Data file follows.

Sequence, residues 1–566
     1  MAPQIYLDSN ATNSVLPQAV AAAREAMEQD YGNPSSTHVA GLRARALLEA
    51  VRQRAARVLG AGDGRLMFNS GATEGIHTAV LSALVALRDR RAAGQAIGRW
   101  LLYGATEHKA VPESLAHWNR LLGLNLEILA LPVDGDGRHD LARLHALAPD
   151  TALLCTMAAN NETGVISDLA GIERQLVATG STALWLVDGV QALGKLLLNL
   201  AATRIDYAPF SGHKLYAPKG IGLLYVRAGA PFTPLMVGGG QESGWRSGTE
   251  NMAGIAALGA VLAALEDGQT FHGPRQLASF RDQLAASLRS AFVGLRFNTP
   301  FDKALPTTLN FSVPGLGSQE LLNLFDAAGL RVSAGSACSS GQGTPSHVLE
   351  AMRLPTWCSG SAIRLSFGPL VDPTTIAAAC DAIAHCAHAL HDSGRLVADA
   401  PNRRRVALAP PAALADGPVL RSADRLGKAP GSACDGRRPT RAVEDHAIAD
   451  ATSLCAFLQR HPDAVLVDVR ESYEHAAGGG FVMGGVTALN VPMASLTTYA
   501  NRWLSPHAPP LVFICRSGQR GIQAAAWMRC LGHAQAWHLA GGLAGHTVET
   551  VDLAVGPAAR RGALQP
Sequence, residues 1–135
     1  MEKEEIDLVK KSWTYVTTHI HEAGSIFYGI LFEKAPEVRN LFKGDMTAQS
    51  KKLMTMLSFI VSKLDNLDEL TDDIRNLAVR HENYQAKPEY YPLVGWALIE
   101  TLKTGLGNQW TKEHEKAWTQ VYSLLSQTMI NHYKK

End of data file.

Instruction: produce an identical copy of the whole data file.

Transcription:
Sequence, residues 1–566
     1  MAPQIYLDSN ATNSVLPQAV AAAREAMEQD YGNPSSTHVA GLRARALLEA
    51  VRQRAARVLG AGDGRLMFNS GATEGIHTAV LSALVALRDR RAAGQAIGRW
   101  LLYGATEHKA VPESLAHWNR LLGLNLEILA LPVDGDGRHD LARLHALAPD
   151  TALLCTMAAN NETGVISDLA GIERQLVATG STALWLVDGV QALGKLLLNL
   201  AATRIDYAPF SGHKLYAPKG IGLLYVRAGA PFTPLMVGGG QESGWRSGTE
   251  NMAGIAALGA VLAALEDGQT FHGPRQLASF RDQLAASLRS AFVGLRFNTP
   301  FDKALPTTLN FSVPGLGSQE LLNLFDAAGL RVSAGSACSS GQGTPSHVLE
   351  AMRLPTWCSG SAIRLSFGPL VDPTTIAAAC DAIAHCAHAL HDSGRLVADA
   401  PNRRRVALAP PAALADGPVL RSADRLGKAP GSACDGRRPT RAVEDHAIAD
   451  ATSLCAFLQR HPDAVLVDVR ESYEHAAGGG FVMGGVTALN VPMASLTTYA
   501  NRWLSPHAPP LVFICRSGQR GIQAAAWMRC LGHAQAWHLA GGLAGHTVET
   551  VDLAVGPAAR RGALQP
Sequence, residues 1–135
     1  MEKEEIDLVK KSWTYVTTHI HEAGSIFYGI LFEKAPEVRN LFKGDMTAQS
    51  KKLMTMLSFI VSKLDNLDEL TDDIRNLAVR HENYQAKPEY YPLVGWALIE
   101  TLKTGLGNQW TKEHEKAWTQ VYSLLSQTMI NHYKK